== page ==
SI Vault
 
THE CASE FOR THE DEFENSE
LUKE WINN (with additional research by David Hess)
November 14, 2011
For a sport awash in stats, accurate measurements of defensive prowess are hard to come by. So SI did its own possession-by-possession study of five title contenders, graded every player and every play—and came to some surprising conclusions
Decrease font Decrease font
Enlarge font Enlarge font
November 14, 2011

The Case For The Defense

For a sport awash in stats, accurate measurements of defensive prowess are hard to come by. So SI did its own possession-by-possession study of five title contenders, graded every player and every play—and came to some surprising conclusions

View CoverRead All Articles
1 2 3 4 5 6 7

OHIO STATE

The legend of Aaron Craft began long before he became the Big Ten's peskiest presence. "All the way back in middle school," says Buckeyes power forward Jared Sullinger, "everyone would talk about how Aaron Craft was the best defender in the state." Sullinger played for the Columbus Jaguars AAU squad and considered Craft an enemy after losing multiple times to his All-Ohio Red team. It is preferable to play with a pest than against him, and so by the time the two players reached high school, they joined forces on All-Ohio Red, with Craft serving as a three-star role player while Sullinger became a McDonald's All-American. Sullinger helped recruit Craft to Columbus, where last season he served as its freshman sixth man while Sullinger was a player of the year finalist. The 6'2" Craft may never have that status, but he should already be regarded as a star.

SI's study found Craft to be the most valuable defender (86.3 DRating) on the country's fifth-best defensive team—a stunning feat for a freshman guard, especially since he was playing alongside Big Ten All-Defensive Team mainstay David Lighty (whose 86.6 DRating was second). Craft's conference-leading 1.97 steals per game barely told the story of his ability to produce turnovers. Of the Buckeyes' defensive possessions in which he participated, 32.9% ended in turnovers, the highest rate of any player included in this study. SI's analysis rewarded him for drawing offensive fouls, for forcing opponents to throw away passes and, best of all, for disrupting drives enough to enable a teammate to get a steal. (When told of SI's methods for rating defenders Craft said, "Finally, someone who understands! I lose a lot of those steals, and I hate it.")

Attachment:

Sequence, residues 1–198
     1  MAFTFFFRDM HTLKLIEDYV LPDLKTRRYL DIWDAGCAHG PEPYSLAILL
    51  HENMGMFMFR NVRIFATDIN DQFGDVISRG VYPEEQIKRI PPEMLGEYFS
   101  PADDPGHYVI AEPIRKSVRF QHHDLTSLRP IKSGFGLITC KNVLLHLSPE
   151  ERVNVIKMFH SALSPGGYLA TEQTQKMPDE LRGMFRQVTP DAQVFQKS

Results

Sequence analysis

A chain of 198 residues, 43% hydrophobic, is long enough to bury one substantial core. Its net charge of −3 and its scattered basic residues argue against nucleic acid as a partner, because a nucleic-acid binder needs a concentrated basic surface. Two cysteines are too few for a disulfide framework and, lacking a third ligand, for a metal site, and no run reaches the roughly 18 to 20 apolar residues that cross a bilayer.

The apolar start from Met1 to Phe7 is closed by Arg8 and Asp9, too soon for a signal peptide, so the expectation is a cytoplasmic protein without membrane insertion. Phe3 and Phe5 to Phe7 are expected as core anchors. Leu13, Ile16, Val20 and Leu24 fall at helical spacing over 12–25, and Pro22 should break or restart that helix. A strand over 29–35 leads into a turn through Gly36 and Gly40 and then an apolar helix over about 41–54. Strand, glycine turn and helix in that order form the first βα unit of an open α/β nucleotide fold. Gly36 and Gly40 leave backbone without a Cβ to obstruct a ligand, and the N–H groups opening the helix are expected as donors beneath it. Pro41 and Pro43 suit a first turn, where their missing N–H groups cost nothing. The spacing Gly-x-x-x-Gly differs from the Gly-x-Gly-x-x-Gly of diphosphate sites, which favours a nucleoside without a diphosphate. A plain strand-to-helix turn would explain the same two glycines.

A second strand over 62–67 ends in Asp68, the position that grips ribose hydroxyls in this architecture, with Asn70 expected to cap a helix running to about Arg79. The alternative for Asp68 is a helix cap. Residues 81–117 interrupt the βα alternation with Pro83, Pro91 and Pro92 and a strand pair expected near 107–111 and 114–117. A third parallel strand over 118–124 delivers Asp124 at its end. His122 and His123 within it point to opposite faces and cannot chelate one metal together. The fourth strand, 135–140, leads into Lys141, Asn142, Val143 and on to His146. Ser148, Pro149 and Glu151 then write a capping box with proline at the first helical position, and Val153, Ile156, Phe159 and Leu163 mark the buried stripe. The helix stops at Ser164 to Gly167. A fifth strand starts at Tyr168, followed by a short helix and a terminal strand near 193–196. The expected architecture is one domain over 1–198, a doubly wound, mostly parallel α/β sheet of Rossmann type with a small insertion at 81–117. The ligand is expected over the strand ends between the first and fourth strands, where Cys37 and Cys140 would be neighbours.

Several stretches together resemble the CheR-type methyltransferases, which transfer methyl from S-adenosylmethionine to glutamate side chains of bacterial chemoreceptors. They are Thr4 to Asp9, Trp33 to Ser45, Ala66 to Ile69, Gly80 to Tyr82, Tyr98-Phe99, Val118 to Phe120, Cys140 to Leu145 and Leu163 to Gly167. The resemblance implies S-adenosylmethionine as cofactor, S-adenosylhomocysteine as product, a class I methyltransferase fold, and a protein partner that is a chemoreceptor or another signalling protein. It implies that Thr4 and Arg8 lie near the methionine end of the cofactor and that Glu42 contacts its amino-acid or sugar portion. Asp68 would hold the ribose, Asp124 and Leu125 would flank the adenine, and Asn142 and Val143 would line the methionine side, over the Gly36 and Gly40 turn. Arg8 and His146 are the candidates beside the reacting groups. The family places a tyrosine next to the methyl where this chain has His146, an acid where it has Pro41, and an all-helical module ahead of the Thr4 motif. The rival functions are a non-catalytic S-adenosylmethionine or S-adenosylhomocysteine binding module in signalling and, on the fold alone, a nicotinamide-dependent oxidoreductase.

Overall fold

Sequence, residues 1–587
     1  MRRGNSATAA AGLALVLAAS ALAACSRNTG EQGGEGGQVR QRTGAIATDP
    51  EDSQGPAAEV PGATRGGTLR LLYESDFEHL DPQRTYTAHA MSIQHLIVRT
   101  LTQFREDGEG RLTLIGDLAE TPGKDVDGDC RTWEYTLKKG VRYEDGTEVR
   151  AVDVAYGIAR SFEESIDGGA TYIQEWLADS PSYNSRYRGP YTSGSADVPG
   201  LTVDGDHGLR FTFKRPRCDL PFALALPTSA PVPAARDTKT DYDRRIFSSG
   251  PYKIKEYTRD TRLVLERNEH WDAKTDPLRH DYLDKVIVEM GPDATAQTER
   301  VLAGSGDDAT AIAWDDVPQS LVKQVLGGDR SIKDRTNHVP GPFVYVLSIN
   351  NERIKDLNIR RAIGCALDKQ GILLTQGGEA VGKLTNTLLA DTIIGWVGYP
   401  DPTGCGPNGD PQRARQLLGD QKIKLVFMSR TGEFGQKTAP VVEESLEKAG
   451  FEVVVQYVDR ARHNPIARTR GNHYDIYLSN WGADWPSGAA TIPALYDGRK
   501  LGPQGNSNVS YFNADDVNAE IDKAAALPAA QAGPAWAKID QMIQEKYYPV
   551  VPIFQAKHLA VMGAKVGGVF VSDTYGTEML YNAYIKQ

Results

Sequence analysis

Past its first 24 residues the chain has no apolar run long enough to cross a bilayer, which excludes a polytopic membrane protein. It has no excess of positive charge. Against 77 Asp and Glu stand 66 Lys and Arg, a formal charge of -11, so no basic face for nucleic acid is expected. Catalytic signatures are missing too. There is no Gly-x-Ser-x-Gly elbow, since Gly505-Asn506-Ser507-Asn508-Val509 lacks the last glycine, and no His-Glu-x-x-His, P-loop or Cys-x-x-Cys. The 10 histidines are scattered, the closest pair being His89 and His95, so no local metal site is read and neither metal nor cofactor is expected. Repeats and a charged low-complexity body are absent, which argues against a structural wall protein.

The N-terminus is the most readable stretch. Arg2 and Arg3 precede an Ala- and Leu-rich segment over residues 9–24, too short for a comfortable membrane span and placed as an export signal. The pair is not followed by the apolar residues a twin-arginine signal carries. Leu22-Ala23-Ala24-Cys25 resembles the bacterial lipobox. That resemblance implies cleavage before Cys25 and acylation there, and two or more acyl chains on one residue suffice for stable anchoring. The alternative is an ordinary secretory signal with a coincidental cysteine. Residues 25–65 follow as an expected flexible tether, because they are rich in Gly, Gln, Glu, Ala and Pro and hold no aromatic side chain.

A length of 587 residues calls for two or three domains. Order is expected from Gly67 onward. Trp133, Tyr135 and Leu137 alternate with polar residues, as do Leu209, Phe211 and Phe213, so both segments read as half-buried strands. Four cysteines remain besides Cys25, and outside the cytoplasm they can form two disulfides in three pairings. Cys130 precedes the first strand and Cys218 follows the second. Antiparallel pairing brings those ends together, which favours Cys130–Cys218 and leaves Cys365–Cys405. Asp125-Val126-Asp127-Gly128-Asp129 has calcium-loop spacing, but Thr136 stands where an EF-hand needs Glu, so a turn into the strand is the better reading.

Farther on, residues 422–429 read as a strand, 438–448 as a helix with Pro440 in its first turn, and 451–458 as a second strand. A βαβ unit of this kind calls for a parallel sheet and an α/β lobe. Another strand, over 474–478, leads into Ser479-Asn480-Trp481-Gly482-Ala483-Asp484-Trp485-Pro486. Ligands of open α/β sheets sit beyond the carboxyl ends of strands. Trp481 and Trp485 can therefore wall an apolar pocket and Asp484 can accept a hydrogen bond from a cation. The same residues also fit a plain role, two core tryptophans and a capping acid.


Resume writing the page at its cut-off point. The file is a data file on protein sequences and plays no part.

The education of this turnover-creating machine started with Craft's father, John, a youth coach who was fond of a drill called brick lane slides. Aaron would have to shuffle from block to block for 30 seconds at top speed, arms out, palms down, gripping a brick in each hand. "We'd wrap them in a lot of tape," Craft says, "so they wouldn't make marks on the court." He recalls first doing the drill in the third grade. Craft's lateral quickness is his greatest asset, followed by his strength; according to Ohio State coach Thad Matta, Craft arrived in Columbus last fall in the best physical condition of any freshman during Matta's tenure. "He bench-pressed 185 pounds 24 times the day he arrived," the coach says. "He was ready."

These qualities enable Craft to walk the fine line between smothering his man and assaulting him. His defensive checklist: "Go chest-to-chest, beat him to the spot, hands to the side"—to avoid fouls, he says. Matta's mantra is "fouling is a weakness"; he preaches perfect precatch positioning, holds refereed practices and forces players to review film of every foul as a corrective measure. It was no coincidence that last year's Buckeyes had the nation's lowest team free throw rate (20.6). This study helped to illustrate just how much Ohio State lost with the graduation of the 6'5" Lighty, the team's second-best turnover producer and foul avoider who was versatile enough to guard all five positions.

Sullinger fouled sparingly—and opponents scored over him with relative ease (a OppFG% of 48.5)—in part because he was too valuable on offense to risk foul trouble. And yet Sullinger halted so many possessions by crashing the boards (grabbing 26.2% of opponents' misses) that he finished with the team's third-best defensive rating (87.8). "Jared is a selfish rebounder," says Matta, "and that's a great trait to have." Sullinger should be a more agile defender at 265 pounds than he was at his freshman weight of 280; he slimmed down this off-season with extra conditioning and a healthier diet. Matta has a different nutritional plan for his point guard, though. When the coach finished an interview at the Schottenstein Center and was told that Craft—who was next up—was at lunch, Matta said, "Aaron's still eating? Nails, I hope."

OHIO STATE

ADJUSTED DEFENSIVE RATING: 89.7

[This article contains a table. Please see hardcopy of magazine or PDF.]

*Departed player

Continue Story
1 2 3 4 5 6 7